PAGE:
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The Great Sunflower Project

The Great Sunflower Project

Researchers at San Francisco State University set up The Great Sunflower Project in 2008 to better understand the reason for and impact of declines in bee populations. The idea behind the project is to plant flowers, observe how many and how often bees visit those flowers, and then enter that information into a database on The Great Sunflower Project Web site. The project has since expanded so that citizen scientists can also plant Bee balm, Cosmos, Rosemary, Tickseed, and Purple coneflower for the purposes of this research.

Some bee populations have had severe declines, and this may be affecting food production. There have been few efforts to measure how much pollination is happening over any given region so it is unclear how these declines in bees influence gardens. As the researchers point out, many plants can't set fruit until they have been visited by a bee. The Great Sunflower project uses observational bee data collected by citizen scientists to create a nationwide (and hopefully worldwide) online map of bee populations.

The University of Illinois at Urbana-Champaign Entomology Department has created a citizen science project to likewise study declining bee populations called BeeSpotter, although this project is limited for the time being to the state of Illinois.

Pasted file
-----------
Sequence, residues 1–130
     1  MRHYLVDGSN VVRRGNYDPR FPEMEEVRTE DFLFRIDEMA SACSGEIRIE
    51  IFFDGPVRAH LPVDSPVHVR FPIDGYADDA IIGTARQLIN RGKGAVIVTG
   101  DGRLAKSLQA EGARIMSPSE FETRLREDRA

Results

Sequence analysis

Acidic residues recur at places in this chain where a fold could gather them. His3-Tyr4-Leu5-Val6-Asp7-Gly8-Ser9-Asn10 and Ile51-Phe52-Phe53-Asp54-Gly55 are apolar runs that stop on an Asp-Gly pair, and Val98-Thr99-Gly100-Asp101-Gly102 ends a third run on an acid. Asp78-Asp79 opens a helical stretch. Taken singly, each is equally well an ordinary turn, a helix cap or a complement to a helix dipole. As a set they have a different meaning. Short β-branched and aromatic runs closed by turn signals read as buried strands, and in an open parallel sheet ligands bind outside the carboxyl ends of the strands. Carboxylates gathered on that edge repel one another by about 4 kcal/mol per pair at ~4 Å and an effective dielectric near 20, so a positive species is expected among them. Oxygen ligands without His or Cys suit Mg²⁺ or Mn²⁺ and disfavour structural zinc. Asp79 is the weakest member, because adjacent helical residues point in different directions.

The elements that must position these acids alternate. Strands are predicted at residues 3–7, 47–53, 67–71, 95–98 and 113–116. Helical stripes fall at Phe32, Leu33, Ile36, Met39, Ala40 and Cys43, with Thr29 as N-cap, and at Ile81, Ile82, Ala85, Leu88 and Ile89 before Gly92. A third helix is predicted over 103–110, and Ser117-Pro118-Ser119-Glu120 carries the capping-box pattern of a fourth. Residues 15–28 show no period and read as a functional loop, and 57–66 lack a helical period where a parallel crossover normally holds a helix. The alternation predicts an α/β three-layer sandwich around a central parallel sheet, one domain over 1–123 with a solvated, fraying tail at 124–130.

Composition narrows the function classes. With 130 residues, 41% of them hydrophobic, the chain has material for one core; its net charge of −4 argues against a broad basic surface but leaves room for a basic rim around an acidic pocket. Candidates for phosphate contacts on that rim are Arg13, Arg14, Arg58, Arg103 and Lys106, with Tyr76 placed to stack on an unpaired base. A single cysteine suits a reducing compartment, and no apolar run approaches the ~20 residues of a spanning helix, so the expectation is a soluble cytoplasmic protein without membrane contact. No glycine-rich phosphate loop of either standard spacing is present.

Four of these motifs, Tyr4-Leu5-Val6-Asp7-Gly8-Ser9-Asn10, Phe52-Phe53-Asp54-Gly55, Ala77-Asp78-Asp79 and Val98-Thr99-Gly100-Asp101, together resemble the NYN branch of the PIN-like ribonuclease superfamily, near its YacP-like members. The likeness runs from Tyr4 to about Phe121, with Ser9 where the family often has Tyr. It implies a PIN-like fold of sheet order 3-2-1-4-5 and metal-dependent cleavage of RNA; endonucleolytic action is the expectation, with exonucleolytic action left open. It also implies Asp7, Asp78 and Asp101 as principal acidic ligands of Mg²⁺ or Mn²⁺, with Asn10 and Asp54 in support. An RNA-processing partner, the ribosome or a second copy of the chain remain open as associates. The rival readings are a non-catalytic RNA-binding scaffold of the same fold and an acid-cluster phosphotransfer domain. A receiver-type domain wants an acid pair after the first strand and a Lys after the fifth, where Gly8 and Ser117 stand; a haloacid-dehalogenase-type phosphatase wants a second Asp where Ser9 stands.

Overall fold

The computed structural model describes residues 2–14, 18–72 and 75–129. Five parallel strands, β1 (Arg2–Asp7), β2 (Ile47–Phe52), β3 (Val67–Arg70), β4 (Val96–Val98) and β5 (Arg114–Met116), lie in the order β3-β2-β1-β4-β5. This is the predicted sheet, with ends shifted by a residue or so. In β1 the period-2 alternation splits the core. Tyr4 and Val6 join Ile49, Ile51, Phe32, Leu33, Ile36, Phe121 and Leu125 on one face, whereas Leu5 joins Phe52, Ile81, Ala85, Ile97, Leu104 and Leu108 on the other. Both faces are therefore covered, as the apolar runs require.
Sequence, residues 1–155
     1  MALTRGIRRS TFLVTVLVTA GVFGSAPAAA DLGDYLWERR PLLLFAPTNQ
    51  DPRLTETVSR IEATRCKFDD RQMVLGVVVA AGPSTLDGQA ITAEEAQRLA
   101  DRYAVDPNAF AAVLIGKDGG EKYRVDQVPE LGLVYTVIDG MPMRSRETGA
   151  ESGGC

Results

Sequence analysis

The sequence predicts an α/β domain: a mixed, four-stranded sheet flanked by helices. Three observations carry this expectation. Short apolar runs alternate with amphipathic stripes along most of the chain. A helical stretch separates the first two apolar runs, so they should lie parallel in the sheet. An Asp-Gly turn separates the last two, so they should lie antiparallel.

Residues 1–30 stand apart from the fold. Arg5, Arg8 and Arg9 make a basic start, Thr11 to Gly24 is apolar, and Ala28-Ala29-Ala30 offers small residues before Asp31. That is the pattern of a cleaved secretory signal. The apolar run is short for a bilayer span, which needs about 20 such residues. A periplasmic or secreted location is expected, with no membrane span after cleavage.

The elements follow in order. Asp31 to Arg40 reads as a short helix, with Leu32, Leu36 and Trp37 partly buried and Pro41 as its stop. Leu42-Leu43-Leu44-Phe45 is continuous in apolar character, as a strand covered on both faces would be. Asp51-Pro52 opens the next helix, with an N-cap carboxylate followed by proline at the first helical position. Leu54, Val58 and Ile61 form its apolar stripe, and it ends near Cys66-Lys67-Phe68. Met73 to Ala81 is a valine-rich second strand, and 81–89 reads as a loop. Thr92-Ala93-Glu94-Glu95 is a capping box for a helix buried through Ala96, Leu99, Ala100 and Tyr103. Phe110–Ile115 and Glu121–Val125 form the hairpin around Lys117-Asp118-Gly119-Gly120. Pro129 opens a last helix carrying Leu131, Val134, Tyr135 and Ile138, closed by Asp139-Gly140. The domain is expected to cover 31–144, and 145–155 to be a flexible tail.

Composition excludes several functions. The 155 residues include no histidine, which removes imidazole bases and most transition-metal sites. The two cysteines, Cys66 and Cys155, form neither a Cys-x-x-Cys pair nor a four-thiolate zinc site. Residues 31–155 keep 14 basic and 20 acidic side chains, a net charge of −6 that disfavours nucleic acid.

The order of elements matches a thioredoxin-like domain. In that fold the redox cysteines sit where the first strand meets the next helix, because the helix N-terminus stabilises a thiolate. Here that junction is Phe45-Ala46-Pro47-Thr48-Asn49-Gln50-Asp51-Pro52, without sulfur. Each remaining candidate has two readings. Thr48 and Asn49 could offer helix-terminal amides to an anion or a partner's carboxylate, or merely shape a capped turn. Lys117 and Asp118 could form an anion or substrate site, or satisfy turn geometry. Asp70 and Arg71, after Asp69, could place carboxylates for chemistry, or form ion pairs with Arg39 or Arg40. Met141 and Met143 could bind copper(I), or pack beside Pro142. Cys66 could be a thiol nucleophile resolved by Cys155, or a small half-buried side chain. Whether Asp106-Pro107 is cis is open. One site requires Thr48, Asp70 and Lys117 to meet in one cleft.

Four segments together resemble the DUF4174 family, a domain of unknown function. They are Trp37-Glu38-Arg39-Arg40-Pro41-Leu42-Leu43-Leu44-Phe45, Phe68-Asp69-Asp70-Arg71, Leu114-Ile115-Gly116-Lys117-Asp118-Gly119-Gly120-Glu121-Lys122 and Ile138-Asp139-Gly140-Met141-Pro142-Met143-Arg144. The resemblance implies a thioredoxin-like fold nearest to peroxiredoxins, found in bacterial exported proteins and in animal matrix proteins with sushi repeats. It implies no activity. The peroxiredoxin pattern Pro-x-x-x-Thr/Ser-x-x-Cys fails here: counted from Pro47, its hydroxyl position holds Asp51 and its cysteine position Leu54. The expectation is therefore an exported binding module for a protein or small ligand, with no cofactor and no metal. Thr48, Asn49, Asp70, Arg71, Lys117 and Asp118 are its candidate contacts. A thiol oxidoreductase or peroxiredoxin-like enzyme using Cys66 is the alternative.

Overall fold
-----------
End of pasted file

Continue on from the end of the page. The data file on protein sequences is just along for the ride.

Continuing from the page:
Project Details

  • PRINCIPAL SCIENTIST: Gretchen LeBuhn, Associate Professor
  • SCIENTIST AFFILIATION: Department of Biology, San Francisco State University
  • DATES: Ongoing
  • PROJECT TYPE: Observation
  • COST: Free
  • GRADE LEVEL: All Ages
  • TIME COMMITMENT: Less than 1 hour per week
  • HOW TO JOIN:

    After signing up at the project's Web site, plant a seed or two [purchasing seeds is one of the project's few costs], spend 15 minutes watching your flowers twice a month and send or input your data directly via the site. It's a good idea to bring a camera during observations and include any pictures along with your data.

    The researchers are looking for data from the early part of each month and the later part of each month for as many months as you have flowers.

    For more information, contact Gretchen LeBuhn: lebuhn@sfsu.edu

See more projects in FreeObservationAll Ages.

What Is Citizen Science?

Research often involves teams of scientists collaborating across continents. Now, using the power of the Internet, non-specialists are participating, too. Citizen Science falls into many categories. A pioneering project was SETI@Home, which has harnessed the idle computing time of millions of participants in the search for extraterrestrial life. Citizen scientists also act as volunteer classifiers of heavenly objects, such as in Galaxy Zoo. They make observations of the natural world, as in The Great Sunflower Project. And they even solve puzzles to design proteins, such as FoldIt. We'll add projects regularly—and please tell us about others you like as well.

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